PPC

5 Things I’ve learned in my First Month as a PPC Account Manager

 

  1. If I had to choose the one thing that I like the most about this job, it would have to be that there are so many ways to do everything; the versatility and resources that we as PPC account managers have at our disposal is immense. Along with the fact that this industry is still in its infancy, there are best practices but no defined methodology which means our techniques and approaches are limited predominantly by our creativity.

  2.  Putting everything I’ve learned into practice has not been an easy task. I did a course in SEO and PPC in Canada (highly recommended) and so I had previous experience in using AdWords – or so I thought. AdWords Editor is your best friend; although it can’t do everything for you it makes your life so much simpler. If anyone reading this isn’t already an account manager, but would like to be one, I suggest you get familiar with AdWords Editor, Google’s AdWords interface and Google Analytics. Proficiency in Excel will be that extra cherry on top. I’m sure there are other useful tools depending on the scale that you work at.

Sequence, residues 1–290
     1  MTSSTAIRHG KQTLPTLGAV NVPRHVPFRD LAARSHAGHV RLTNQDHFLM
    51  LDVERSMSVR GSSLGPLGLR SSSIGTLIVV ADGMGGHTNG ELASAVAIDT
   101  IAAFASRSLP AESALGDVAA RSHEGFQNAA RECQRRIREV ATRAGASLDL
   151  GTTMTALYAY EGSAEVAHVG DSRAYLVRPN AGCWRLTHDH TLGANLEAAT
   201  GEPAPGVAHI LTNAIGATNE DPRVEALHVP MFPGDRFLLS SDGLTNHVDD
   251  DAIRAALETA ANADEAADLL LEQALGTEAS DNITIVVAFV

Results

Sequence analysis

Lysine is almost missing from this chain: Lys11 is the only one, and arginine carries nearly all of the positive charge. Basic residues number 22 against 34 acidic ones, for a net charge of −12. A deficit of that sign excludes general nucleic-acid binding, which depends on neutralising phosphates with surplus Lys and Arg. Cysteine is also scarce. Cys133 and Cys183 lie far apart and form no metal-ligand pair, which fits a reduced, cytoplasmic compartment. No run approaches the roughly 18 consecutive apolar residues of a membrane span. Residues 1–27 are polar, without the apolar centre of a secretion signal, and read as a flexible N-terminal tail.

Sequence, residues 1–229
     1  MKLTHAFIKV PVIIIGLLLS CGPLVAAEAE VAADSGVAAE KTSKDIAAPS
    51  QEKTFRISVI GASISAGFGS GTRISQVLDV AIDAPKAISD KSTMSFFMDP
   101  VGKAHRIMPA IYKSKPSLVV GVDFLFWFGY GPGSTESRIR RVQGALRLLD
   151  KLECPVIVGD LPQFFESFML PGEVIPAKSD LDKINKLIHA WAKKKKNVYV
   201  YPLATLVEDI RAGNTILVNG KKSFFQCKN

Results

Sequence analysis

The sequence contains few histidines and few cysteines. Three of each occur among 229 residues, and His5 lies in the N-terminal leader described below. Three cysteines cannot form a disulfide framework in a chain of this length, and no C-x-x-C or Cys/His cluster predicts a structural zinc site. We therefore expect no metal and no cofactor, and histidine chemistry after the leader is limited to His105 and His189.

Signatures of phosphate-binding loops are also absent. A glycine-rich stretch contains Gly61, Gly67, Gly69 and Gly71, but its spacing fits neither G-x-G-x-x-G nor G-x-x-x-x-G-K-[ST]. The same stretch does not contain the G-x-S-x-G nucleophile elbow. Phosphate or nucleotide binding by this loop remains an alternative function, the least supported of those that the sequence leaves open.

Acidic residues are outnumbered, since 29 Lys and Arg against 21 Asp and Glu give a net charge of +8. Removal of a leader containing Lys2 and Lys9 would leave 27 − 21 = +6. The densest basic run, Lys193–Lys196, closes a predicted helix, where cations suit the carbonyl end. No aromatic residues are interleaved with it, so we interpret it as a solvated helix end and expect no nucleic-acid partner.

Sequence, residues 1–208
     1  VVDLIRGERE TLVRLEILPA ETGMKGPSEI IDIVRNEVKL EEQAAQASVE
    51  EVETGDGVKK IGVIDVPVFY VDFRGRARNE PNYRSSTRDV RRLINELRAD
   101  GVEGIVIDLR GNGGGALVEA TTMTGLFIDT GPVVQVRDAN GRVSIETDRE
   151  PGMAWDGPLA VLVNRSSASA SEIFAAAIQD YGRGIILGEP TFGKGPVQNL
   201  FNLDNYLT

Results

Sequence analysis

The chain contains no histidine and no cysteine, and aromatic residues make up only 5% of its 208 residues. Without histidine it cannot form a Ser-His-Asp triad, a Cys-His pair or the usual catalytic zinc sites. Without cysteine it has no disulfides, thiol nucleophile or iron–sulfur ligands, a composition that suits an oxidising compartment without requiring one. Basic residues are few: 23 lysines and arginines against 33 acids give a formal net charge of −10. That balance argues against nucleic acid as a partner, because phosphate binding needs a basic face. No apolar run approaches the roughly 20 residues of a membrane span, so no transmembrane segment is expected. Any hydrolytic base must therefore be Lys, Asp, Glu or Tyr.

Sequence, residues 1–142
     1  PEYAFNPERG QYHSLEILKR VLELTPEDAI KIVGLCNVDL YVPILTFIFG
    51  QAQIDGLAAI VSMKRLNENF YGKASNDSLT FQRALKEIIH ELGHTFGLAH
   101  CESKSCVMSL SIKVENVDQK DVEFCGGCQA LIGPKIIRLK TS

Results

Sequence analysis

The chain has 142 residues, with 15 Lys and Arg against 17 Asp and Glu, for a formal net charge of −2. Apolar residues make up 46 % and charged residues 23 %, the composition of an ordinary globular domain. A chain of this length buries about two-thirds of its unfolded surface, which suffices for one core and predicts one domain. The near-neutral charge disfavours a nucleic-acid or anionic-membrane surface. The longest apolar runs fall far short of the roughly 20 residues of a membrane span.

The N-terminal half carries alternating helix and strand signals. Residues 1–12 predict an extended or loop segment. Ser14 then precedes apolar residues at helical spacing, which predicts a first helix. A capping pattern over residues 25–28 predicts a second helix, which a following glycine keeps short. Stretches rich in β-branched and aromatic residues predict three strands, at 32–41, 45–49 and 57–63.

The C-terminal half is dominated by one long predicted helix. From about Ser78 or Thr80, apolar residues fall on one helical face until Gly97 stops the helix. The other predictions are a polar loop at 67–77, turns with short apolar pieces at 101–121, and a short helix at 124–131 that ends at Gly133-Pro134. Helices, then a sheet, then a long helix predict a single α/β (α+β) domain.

3. I feel that in many ways the ability to manage clients in a well refined manner is crucial. There needs to be an equal level of competency between the technical capabilities of an account manager and their ability to communicate with and manage their clients. It doesn’t matter how well their accounts are managed if the relationship with the clients are weak, though of course the inverse is true as well.

  4. In the same vein, PPC jargon usage is a two sided coin because when it comes to clients, bombarding them with technical, industry related terms can often lead to confusion and a very “salesy” feel. When it comes to colleagues, use as many terms as needed to paint the most specific picture, especially when asking questions.

  5. Ask questions! This doesn’t mean that you should ask about everything because, despite what my elementary school teacher said, there are stupid questions. Some things are easily found out with the help of a little Google-fu (also a necessary skill). However, I found that watching and asking makes learning much quicker and also in many cases I learn of more logical ways to do things. My lack of experience means that I often cannot plan for scalability issues, and by asking I reduce the need to fix things later on. Also, as mentioned earlier, the industry is still growing and as exciting as this is, the variety of ways to accomplish each tasks can be daunting. So sorry Mr. Sinatra, ain’t gonna do it my way.
  Written by Jeff Chang